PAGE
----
Tuesday, February 12, 2013
Dear Camo Man,
Happy first married Valentine’s Day, Honey. Not that we need excuses for romance ... our days are filled with it.
I know this letter might make your co-workers roll their eyes — you appear to have a well-earned reputation as a bit of a pot stirrer and just as ready as the next guy to jump into the thick of things.
But I don’t think they know the man this letter is addressed to. I’m sorry for the ribbing you’ll take, but I did warn you on, what, our third date? I said, “You should know I write about the people in my life.”
You smiled and looked down (do you have any idea how my heart swells when you do that?) and said, “That’s not going to bother me.” I’ve taken you at your word, dear husband, and then some.
Let me start at that moment in each day we come into consciousness in the pre-dawn. We’re almost always within seconds of each other, our brains having already memorized the breathing pattern of the other. I love how you allow me to trace your profile with my finger or cuddle up to your back for another minute of warmth. Then when you turn and tell me I’m so beautiful in the morning? Yeah, that’s really good.
It’s like nectar to the hummingbird when you make our bed as your “good morning” to me. I love that, coming back into our room and finding the bed as neatly dressed as you.
You know how sometimes I come out to the kitchen and you have “Heaven” by Bryan Adams playing? That still makes me melt. We now have many songs together, but nothing can replace the first one we identified as “ours.” I like that we still go through spates of trading love song links back and forth like we’re fifth-graders passing notes ... it was our first currency in this relationship and you’ve made me a wealthy woman.
I like how you make the coffee when I’ve forgotten to load the pot. Even when I tell you it looks like tea. And then we drink our first cup together on the double bench we bought just for that reason. Super corny and darned fun to cuddle on, especially when our teens gag as we kiss at dinner.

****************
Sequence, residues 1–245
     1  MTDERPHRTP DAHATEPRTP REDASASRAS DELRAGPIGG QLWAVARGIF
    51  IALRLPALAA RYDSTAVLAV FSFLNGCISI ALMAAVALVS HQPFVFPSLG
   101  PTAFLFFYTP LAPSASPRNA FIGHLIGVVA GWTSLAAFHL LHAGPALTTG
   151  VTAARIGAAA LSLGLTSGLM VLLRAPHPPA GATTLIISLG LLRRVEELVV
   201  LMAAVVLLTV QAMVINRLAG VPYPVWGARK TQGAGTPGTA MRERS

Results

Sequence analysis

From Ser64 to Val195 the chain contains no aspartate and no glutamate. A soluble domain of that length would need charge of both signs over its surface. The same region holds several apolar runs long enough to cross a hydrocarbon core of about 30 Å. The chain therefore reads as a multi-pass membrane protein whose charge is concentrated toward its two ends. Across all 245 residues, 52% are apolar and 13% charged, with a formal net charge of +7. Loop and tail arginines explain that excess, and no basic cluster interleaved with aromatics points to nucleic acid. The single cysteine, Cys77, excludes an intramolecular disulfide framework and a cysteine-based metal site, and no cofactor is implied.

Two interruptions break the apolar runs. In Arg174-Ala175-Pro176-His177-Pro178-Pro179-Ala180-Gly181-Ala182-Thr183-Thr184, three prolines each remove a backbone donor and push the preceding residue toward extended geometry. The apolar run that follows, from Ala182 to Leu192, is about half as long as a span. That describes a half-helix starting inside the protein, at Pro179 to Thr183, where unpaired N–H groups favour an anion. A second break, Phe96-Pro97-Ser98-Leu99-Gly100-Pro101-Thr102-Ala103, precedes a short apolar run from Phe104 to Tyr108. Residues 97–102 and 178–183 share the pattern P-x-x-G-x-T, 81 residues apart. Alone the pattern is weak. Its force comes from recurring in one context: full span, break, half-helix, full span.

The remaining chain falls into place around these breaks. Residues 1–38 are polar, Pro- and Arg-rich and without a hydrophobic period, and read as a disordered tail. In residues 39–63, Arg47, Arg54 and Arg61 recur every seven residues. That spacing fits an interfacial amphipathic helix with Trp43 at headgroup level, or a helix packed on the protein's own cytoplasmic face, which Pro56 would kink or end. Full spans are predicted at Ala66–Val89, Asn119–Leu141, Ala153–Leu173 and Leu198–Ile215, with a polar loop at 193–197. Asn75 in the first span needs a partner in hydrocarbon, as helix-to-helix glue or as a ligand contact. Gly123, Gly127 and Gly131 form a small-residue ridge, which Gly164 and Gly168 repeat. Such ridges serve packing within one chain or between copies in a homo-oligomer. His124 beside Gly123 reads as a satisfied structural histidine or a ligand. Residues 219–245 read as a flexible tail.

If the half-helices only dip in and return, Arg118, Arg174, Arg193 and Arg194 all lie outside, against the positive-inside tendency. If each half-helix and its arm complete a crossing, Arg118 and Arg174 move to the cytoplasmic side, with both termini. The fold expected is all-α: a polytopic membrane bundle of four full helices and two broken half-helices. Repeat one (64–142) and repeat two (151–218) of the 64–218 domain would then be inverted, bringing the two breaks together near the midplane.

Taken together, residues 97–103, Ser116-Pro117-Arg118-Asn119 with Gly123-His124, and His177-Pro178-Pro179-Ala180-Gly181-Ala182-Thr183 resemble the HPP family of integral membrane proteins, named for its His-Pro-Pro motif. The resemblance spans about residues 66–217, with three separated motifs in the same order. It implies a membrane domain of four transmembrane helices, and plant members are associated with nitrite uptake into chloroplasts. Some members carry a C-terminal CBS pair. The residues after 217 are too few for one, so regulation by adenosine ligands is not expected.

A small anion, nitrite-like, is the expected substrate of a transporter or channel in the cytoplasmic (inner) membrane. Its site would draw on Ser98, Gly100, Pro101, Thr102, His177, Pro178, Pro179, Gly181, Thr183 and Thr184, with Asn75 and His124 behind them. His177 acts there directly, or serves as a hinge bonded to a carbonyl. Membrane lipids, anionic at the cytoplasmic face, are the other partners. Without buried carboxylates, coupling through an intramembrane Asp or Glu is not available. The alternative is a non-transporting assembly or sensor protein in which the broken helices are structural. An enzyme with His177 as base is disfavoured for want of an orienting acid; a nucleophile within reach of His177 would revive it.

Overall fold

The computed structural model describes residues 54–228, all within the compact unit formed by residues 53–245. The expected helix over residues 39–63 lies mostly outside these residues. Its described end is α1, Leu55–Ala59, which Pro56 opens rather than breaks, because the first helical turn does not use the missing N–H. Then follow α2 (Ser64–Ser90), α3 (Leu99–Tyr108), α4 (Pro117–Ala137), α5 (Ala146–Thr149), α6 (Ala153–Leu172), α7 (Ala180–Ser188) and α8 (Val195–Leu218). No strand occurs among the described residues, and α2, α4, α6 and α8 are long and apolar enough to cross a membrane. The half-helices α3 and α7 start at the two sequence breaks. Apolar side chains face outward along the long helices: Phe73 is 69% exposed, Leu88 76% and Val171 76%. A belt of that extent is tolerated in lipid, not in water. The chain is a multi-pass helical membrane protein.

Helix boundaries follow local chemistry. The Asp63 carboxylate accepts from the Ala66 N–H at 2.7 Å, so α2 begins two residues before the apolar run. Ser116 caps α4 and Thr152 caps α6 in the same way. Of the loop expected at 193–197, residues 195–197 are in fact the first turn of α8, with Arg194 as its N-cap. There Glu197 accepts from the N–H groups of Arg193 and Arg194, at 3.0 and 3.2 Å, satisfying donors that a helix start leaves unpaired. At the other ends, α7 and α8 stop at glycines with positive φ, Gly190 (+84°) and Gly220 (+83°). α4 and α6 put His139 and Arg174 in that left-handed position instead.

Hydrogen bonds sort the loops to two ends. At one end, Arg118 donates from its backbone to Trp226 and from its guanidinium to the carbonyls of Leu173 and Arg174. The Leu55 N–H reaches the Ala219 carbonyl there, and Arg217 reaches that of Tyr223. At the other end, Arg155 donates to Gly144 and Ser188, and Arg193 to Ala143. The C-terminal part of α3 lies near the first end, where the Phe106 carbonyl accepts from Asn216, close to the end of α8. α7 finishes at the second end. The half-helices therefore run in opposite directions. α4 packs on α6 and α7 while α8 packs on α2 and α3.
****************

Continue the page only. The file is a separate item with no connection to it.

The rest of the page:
Then it’s time for you to leave and sometimes I follow you to the door. I like when you turn around and tell me to stand on the step above you then show me how it puts me at the perfect spot for that sweet smooch.
The one I feel down to my toes.
The fact that our days are spent in eager anticipation of being with each other again disgusts some people. Can’t be helped. We work miles apart and I swear I sometimes feel my cells leaning toward yours.
OK, those people are right, that IS disgusting, but there you have it.
Then come the treasured evenings. We nearly fall through the door, exhausted, with about a 20-second window before being bombarded by the kids. Usually you-know-who is tattling, another needs a talking to and one is just needy, period. It’s been a learning curve, but we’re on the cusp of figuring out how to respond to each as a team.
There is nothing more romantic, in my book, than a man teasing a sullen teen out of a bad mood or teaching him or her a new skill. And when you occasionally take the role of bad cop and let me play good cop, you’re rebuilding a soul worn down from single parenting.
That right there will excuse you from kitchen patrol for the evening, sir.
Finally — dogs crated, teens in their caves, adult kids phoned, last load of laundry in the dryer — we make it to the best time of day. That hallway might seem a mile long by then, but we’re back when we started. You’re pretty adorable when you put your legs on my side of the bed to warm it up as I’m washing off my makeup.
I love how we read for a bit, quilts pulled up, speaking aloud some snippet of our day suddenly recalled. And then ... the lights go off and we talk and we talk. We marvel, nearly every night, at the series of events that put us together. Oh, and the near misses and “what ifs,” both of us so aware things pivoted on nothing more than a couple of phone calls and a game of bowling.
What if you had given up on me or I had never called again?
It’s painful to consider, and we can only be soothed by the happy reality.
You have my heart, Camo Man.
Mrs. Camo Man